|Low stress & bacterial biodiversity: |
The key to better health?
This study funded by the NIH shows that stress dysregulates the immune system, changing the natural flora of one's intestines and leaving people more susceptible to infections such as C. difficile. The more biodiverse intestinal flora is, the healthier one's immune system generally is.
Intestinal bacteria have been linked to diseases like inflammatory bowel disease and asthma, and a future goal of the study is see if changes in gut bacteria is related to such diseases worsening when people are under more pressure.
Lyme disease patients are already pretty savvy about taking probiotics inbetween taking antibiotics - but is there something that can be done to diversify the number and kind of bacteria in our guts that would reflect the right balance of helpful organisms? Which combination of organisms is most beneficial to have, and how close are common probiotic blends to this beneficial mix?
Original Source Reference:
Bailey. Exposure to a social stressor alters the structure of the intestinal microbiota: Implications for stressor-induced immunomodulation? Brain, Behavior, and Immunity, 2011; 25 (3): 397 DOI: 10.1016/j.bbi.2010.10.023
2) 'Knowing it in your gut' is real: Cross-talk between human gut bacteria and brain
This study showed that genes linked to learning and memory are altered in germ-free mice and, in particular, in the hippocampus - one of the key brain regions for learning and memory.
"The take-home message is that gut bacteria influences anxiety-like behavior through alterations in the way the brain is wired," said Jane Foster, associate professor in the Department of Psychiatry and Behavioural Neurosciences of the Michael G. DeGroote School of Medicine.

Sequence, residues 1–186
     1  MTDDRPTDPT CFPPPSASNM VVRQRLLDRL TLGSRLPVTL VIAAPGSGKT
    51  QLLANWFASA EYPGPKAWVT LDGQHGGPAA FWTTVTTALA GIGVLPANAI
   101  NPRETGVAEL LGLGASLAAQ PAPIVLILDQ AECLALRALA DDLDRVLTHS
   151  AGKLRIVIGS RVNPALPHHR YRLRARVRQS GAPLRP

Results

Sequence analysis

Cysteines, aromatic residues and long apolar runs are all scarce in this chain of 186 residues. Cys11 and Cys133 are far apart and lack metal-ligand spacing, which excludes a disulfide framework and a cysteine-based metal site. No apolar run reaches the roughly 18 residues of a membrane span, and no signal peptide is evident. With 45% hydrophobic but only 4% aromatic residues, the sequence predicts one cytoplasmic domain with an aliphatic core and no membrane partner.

Foster's team has a hypothesis that the state of your immune system and your gut bacteria influence your personality - and in this case, influences anxiety.
This reminds me of a video I posted in a Friday Four a while ago that showed personality changes in mice based on whether they had cultivated bacteria or not.
One fascinating thing to consider here is if researchers find out that certain bacterial flora combinations create different psychological states and can be directly implicated in mental illness that new treatments involving probiotics may improve conditions that to date have been treated with psychiatric medications. Perhaps these new treatments will avoid some of the more troubling side effects of anti-depressants and anti-psychotic drugs.
Original Source Reference:
K. M. Neufeld, N. Kang, J. Bienenstock, J. A. Foster.Reduced anxiety-like behavior and central neurochemical change in germ-free mice.Neurogastroenterology & Motility, 2011; 23 (3): 255 DOI:10.1111/j.1365-2982.2010.01620.x
3) Biofilm reorganization: Back to the theoretical drawing board
|Staphlococcus aureus biofilm|
What scientists did was make a microscopic movie of Myxococcus xanthus, common soil bacteria, while it was forming aggregates or spore forms with up to 100,000 cells. In this way, the bacteria could survive more easily - just as many other bacteria survive in biofilms to evade antibiotics.
They discovered that the size of the aggregates led to a higher survival rate, and not other factors they predicted such as individual chemical signaling between cells.
So in this case: size matters.
More studies on how biofilms form and what can be done to break them up are needed to prevent resistant infections. Studying bacteria and how it organizes itself can tell us more about what makes biofilms work and how to target them for treatment in the future.
4) Breakthrough in delivering drugs to the brain
Then they filled these exosomes with the genetic code, siRNA, and injected them back into the mice.
In doing so, the siRNA got delivered to the mice's brain cells and turned off a gene (BACE1) which is involved in Alzheimer's disease. There was a 60% reduction in the gene's activity.
If there is more than one cause for Alzheimer's disease - if it can be treated by using the body's own natural defenses and systems - this could be ground breaking.
Treatment systems similar to these exosome injections could also potentially be used to deliver medicine past the blood brain barrier for other conditions including cancer and infectious diseases.